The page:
Do yoga, tai chi, or other kind of meditative exercise.
    Yes. Tai Chi and meditation. Definately! I forgot about that.

    This is the best book I've found on anxiety:

    Amazon.com: Hope and Help for Your Nerves (Signet): Claire Weekes: Books

    Also try this:

    Amazon.com: 8 Minute Meditation: Quiet Your Mind. Change Your Life.: Victor Davich: Books

  4. #14
    Senior Member The Third Rider's Avatar
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    Thanks for the help guys. It started happening to me almost only on saturday nights up until last saturday night when it started and than they keep going for 3 straight days and they also kept me from sleeping. I already made peace with myself, and I am controlling them a lot better. Right now I am very calm and I am not scared of them like I was. I have it in the back of my head that they are going to happen again so I am not as scared and I can supress my anxiety. I am still going to try to get some medicine, but I still don't know what triggers them, I am not afraid a specific thing or place or have a traumatic past. I will look to see if I can get those books though, I am sure that they are going to help me a lot.
    ENFJ 3W4

    If you read this I am sorry to say that you just lost 5 seconds of your life that you wont be getting back.*

    *Actual time may vary.

  5. #15
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    I find the only thing that controls mine other than drugs is following a low-carb diet. I definately believe that it has something to do with blood sugar levels (at least in some people). It's commonly talked about on some of the low-carb internet boards that I frequent so I know that I'm not alone. In my case I do better if I eat less frequently (3 square meals per day) since insulin is released every time you eat regardless of what you are consuming.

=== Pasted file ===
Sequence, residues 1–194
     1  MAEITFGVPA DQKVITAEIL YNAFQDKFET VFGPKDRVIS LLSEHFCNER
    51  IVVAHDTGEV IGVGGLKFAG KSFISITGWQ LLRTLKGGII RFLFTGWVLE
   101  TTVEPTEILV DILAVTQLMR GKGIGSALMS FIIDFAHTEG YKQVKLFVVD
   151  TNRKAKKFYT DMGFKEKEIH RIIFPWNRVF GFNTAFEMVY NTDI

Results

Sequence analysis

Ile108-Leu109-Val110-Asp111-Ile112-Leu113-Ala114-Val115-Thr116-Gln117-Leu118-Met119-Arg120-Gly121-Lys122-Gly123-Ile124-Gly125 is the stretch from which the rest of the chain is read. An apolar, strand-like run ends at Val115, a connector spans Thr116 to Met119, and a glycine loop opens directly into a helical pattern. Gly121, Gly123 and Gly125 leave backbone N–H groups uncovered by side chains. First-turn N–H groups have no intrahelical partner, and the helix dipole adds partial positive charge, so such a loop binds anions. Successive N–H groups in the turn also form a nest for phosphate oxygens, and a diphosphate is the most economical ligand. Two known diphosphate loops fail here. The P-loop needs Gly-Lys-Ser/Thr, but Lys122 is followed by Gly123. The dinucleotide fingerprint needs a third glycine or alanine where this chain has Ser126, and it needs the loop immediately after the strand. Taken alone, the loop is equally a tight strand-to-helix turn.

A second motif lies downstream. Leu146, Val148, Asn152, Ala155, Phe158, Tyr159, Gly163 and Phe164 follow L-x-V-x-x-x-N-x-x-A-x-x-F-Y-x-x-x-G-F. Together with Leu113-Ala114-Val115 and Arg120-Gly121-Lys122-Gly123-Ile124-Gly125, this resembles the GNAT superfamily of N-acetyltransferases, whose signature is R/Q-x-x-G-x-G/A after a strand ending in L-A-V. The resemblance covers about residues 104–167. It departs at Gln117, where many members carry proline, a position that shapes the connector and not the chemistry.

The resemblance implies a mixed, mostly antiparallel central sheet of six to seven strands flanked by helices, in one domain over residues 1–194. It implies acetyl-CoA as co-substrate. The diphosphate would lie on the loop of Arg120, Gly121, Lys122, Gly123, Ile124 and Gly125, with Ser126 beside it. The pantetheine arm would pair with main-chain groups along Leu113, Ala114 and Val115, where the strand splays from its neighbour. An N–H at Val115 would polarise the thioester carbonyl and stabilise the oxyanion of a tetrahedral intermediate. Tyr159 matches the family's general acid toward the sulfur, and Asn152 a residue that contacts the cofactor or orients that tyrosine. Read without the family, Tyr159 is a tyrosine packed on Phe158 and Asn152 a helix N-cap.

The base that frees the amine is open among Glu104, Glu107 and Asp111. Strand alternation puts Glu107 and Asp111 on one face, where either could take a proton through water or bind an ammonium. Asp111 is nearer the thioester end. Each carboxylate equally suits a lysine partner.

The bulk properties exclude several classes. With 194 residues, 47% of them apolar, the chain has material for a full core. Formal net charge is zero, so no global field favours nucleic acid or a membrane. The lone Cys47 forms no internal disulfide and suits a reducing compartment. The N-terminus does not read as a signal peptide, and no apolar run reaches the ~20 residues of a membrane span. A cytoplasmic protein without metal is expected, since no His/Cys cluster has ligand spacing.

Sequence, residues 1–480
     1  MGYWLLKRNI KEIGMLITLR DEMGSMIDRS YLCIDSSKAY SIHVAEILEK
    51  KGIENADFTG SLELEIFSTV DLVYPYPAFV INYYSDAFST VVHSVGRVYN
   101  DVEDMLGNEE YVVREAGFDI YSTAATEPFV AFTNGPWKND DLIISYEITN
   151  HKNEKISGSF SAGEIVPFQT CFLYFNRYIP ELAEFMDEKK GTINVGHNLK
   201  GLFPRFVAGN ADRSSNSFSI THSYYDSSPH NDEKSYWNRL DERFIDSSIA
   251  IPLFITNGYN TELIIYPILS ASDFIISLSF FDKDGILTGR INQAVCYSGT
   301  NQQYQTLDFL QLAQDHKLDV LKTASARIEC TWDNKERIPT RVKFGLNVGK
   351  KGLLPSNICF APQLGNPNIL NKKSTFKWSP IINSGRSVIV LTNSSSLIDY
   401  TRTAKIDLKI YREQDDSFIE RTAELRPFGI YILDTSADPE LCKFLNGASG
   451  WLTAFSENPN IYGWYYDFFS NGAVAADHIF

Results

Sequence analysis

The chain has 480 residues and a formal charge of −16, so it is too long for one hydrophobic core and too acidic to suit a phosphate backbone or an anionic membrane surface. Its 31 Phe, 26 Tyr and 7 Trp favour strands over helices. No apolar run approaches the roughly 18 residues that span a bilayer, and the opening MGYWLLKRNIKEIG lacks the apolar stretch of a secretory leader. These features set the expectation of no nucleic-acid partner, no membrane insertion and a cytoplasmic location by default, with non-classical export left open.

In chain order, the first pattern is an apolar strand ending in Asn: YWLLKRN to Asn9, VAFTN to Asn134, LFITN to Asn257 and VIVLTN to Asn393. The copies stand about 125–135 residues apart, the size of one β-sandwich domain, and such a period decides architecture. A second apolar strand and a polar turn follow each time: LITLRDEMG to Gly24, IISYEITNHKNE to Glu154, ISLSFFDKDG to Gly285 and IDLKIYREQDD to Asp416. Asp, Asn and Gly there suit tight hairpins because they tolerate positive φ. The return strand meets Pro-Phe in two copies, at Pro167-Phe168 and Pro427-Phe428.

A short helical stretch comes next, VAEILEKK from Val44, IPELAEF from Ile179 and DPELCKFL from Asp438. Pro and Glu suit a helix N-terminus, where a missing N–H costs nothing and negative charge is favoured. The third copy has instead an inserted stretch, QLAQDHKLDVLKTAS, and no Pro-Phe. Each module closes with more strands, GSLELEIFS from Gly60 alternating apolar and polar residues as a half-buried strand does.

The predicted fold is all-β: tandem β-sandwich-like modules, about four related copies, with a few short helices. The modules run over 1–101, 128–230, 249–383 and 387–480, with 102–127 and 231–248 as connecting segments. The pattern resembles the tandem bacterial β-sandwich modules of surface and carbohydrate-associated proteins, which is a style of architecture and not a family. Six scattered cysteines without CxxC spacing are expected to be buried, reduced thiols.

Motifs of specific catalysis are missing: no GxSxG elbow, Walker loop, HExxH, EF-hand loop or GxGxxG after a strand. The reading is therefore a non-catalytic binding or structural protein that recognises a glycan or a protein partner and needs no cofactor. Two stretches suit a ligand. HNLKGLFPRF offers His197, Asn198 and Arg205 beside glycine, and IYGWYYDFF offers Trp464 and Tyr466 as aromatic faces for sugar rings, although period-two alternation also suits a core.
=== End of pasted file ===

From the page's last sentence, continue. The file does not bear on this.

Prior to discovering this I tried some of the self-help books and found that they were somewhat useful in handling a panic attack, however most of them assume that you have certain fears/issues that are troubling you. In my case, there were no issues that I could identify.

    Recently I did an experiment, after eating low-carb all summer, I went on a carb kick and whamo - anxiety is back. so I'm back on the program. Exercise and meditation also help me.

  6. #16
    Senior Member Travo7's Avatar
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    Hey Third Rider,

    Some of your posts sound exactly like my wife's experience, who btw, is an ENFJ. She had panic attacks every night, wouldn't sleep, and when she did she would wake me up in the middle of the night thinking she was going to have a heart attack (panic attacks and indigestion are often mistaken for heart attacks). Initially I could talk to her and calm her down, but the attacks became worse with time, to the point where she HAD to get medical help.